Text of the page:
The past has occasionally provided similar evidence. In his brief substitute appearances for Chelsea, he would periodically produce a flick or a pass which hinted at further dimensions. It was treated with caution, though, because Antonio Conte never trusted him when a game was in doubt and so never saddled him with any real defensive responsibility. In contrast, Saturday felt like a truer indicator: Chalobah’s performance was decorated with all sorts of detail. He passed well over short and medium range, releasing it early and simply when necessary but using it to explore space when not. Two pirouetting pieces of skill early in the second-half, both of which victimised Harry Arter, also added a layer of flamboyance. Most tellingly, though, his positioning was excellent. Like his teammates, he suffered early from Heurelho Gomes’s roulette distribution, having to scurry back behind the ball after a series of muffed clearances, but the panic would eventually melt away. His level of involvement was testament to just how often he found himself in the right place at the right time and when Watford did eventually take the lead through Richarlison, it had been Chalobah who had led the counter-attack.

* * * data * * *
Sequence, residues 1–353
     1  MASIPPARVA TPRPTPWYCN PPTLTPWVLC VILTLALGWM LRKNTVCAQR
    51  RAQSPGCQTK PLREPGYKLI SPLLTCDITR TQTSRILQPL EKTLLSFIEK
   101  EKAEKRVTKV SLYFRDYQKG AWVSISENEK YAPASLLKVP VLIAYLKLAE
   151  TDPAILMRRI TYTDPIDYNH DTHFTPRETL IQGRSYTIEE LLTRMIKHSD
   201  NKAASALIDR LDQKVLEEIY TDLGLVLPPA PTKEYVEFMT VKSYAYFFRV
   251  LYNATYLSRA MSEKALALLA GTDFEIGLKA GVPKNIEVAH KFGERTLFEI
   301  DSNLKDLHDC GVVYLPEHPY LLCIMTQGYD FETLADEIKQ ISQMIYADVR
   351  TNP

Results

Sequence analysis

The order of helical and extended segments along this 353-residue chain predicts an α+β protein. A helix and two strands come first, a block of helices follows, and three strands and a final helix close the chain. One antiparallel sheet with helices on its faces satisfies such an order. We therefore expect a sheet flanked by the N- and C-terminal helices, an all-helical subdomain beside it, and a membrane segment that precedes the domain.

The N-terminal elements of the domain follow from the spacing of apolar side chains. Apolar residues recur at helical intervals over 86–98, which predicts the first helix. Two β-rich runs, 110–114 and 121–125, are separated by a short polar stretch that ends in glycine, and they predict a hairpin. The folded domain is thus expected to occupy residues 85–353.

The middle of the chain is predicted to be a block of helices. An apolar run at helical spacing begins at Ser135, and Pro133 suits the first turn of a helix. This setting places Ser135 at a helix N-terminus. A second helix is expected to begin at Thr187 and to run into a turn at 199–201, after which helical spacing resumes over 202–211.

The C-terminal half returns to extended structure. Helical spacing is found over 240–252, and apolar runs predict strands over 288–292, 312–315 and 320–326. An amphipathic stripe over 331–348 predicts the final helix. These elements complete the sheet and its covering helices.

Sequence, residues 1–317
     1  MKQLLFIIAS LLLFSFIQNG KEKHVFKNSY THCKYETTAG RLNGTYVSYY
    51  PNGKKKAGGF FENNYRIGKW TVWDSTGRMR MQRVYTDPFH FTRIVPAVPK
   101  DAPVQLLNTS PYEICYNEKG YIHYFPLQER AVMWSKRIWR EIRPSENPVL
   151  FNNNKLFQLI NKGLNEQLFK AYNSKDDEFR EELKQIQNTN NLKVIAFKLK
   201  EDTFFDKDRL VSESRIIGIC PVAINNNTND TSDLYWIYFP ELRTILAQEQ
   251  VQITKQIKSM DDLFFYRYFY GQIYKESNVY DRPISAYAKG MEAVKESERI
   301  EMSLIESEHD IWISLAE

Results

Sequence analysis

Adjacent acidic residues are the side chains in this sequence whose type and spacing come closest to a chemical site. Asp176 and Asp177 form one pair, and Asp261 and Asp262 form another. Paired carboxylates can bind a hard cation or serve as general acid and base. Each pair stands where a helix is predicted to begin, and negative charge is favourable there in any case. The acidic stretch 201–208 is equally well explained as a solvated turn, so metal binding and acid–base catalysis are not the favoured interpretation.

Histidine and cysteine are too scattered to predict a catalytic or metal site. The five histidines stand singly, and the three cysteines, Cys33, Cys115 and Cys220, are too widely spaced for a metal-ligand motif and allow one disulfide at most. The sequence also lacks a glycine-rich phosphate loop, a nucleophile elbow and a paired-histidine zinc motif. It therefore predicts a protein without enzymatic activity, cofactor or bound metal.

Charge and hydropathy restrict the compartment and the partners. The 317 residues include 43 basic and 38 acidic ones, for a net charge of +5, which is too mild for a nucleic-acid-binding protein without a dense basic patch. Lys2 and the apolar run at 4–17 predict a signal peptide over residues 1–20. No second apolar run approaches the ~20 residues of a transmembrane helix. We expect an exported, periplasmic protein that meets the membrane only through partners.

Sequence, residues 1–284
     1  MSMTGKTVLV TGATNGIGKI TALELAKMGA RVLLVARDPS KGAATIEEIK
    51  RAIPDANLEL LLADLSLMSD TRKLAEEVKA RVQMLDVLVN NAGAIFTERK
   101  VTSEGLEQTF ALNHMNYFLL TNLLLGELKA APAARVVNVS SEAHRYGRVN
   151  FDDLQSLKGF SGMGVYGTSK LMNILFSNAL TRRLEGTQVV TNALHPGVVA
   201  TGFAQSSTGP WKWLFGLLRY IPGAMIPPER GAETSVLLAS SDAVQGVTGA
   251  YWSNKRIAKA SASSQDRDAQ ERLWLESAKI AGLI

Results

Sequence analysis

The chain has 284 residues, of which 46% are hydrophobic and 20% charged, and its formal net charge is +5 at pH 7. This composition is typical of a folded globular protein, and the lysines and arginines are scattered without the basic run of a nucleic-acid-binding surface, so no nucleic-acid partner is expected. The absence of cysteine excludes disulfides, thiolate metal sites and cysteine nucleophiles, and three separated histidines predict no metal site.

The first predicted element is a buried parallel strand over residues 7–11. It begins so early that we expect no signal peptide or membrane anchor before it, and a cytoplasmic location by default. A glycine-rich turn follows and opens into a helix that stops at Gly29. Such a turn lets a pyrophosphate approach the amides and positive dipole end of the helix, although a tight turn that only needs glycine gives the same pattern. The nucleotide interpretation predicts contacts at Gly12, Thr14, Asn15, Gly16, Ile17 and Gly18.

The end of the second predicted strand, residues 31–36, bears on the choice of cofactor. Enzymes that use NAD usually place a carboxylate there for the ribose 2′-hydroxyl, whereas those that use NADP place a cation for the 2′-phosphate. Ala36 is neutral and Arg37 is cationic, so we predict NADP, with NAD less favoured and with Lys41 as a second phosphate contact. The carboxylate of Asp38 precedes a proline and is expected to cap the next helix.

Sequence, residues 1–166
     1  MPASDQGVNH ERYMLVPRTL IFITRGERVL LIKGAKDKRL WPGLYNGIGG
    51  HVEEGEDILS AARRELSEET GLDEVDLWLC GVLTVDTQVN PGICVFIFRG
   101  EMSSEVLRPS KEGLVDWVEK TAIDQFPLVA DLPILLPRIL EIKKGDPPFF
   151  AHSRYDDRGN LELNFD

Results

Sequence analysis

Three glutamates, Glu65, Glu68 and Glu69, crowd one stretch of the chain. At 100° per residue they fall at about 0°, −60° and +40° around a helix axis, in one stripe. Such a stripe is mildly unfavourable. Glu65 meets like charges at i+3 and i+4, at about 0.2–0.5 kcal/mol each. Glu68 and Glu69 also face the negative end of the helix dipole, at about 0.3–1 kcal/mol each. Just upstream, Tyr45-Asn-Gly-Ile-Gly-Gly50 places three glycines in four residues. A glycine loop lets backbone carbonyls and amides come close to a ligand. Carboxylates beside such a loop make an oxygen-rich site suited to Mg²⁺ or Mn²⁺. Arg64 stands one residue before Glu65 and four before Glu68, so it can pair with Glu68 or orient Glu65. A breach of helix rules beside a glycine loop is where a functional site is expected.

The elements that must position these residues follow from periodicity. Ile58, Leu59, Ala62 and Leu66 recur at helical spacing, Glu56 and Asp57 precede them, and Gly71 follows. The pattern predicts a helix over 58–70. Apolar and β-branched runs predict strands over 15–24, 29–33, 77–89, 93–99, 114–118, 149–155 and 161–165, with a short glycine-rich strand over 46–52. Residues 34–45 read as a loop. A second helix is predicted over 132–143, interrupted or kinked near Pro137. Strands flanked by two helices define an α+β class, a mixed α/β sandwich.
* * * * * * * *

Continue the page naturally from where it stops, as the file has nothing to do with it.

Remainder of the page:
Even the glaring chance he missed was really, when viewed from a different perspective, a measure of his tactical comprehension. After all, it was his own well-timed press to dispossess Steve Cook at the base of the home defence which put him through on goal. It may not have been difficult to identify imperfections on Saturday, he certainly wasn’t flawless, but he produced enough to challenge the misconceptions which grew around him during his suspended animation at Stamford Bridge.